Essential pentosuria is a condition characterized by high levels of a sugar called L-xylulose in urine. The condition is so named because L-xylulose is a type of sugar called a pentose. Despite the excess sugar, affected individuals have no associated health problems.
Essential pentosuria is caused by mutations in the DCXR gene. This gene provides instructions for making a protein called dicarbonyl and L-xylulose reductase (DCXR), which plays multiple roles in the body. One of its functions is to perform a chemical reaction that converts a sugar called L-xylulose to a molecule called xylitol. This reaction is one step in a process by which the body can use sugars for energy.
DCXR gene mutations lead to the production of altered DCXR proteins that are quickly broken down. Without this protein, L-xylulose is not converted to xylitol, and the excess sugar is released in the urine.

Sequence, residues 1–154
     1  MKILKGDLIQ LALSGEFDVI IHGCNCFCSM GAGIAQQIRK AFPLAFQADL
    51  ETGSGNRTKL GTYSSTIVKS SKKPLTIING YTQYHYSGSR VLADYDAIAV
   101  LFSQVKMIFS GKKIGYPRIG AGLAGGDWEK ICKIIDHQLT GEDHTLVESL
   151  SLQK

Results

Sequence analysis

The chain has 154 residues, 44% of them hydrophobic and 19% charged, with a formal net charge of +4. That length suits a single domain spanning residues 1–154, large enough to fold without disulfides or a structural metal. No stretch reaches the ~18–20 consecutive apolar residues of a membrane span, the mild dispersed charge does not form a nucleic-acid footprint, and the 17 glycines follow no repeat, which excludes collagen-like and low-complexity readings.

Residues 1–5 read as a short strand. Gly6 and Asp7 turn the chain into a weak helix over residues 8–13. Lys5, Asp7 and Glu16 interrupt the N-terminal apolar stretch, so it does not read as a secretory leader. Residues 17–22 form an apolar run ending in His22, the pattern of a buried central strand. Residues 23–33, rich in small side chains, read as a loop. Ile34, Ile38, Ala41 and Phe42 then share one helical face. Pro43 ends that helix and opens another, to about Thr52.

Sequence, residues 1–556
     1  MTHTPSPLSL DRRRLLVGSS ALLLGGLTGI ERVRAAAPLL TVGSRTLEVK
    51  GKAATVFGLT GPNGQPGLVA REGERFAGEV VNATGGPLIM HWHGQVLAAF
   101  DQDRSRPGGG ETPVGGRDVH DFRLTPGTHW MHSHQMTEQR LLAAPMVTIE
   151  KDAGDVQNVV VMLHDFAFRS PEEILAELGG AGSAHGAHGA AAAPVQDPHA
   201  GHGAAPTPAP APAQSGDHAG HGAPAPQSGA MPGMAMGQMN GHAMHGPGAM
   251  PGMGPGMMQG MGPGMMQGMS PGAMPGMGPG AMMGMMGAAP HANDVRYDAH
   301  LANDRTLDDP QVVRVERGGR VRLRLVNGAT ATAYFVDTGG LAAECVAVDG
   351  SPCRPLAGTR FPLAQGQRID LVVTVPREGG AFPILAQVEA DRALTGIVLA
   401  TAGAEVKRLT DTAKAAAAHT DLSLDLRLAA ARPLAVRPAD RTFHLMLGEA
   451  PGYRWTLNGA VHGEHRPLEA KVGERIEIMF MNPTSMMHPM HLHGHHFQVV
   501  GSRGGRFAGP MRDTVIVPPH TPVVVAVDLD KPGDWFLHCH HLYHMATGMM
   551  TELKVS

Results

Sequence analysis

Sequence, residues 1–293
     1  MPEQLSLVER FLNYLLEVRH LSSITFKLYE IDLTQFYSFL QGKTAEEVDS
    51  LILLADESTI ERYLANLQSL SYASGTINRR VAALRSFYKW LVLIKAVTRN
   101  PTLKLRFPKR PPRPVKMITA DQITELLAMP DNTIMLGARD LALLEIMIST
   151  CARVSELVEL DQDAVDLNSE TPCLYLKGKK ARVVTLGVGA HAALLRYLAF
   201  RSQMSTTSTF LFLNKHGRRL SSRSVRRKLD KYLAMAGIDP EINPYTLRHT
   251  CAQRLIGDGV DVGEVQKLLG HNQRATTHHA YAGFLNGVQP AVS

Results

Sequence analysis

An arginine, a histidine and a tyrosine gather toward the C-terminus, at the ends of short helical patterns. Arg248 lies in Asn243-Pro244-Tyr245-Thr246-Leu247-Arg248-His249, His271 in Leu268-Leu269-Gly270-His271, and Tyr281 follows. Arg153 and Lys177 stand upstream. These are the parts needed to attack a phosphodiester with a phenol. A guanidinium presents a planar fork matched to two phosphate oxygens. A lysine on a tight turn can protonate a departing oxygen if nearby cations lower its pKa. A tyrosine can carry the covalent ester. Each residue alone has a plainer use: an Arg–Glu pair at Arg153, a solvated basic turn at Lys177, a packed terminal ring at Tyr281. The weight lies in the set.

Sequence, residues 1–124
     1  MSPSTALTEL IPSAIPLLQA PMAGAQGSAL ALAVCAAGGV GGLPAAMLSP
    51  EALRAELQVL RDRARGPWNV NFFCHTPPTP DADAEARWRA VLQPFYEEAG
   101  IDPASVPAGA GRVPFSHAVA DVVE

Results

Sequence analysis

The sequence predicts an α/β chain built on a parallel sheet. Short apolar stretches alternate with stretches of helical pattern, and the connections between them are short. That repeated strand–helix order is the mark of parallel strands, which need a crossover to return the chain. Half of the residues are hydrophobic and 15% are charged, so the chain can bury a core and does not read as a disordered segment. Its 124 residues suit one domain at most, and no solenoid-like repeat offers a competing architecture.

While essential pentosuria is caused by genetic mutations, some people develop a non-inherited form of pentosuria if they eat excessive amounts of fruits high in L-xylulose or another pentose called L-arabinose. This form of the condition, which disappears if the diet is changed, is referred to as alimentary pentosuria. Studies show that some drugs can also cause a form of temporary pentosuria called drug-induced pentosuria. These non-inherited forms of the condition also do not cause any health problems.
Essential pentosuria occurs almost exclusively in individuals with Ashkenazi Jewish ancestry. Approximately 1 in 3,300 people in this population are affected.
This condition is inherited in an autosomal recessive pattern, which means both copies of the gene in each cell have mutations. The parents of an individual with an autosomal recessive condition each carry one copy of the mutated gene, but they typically do not show signs and symptoms of the condition.
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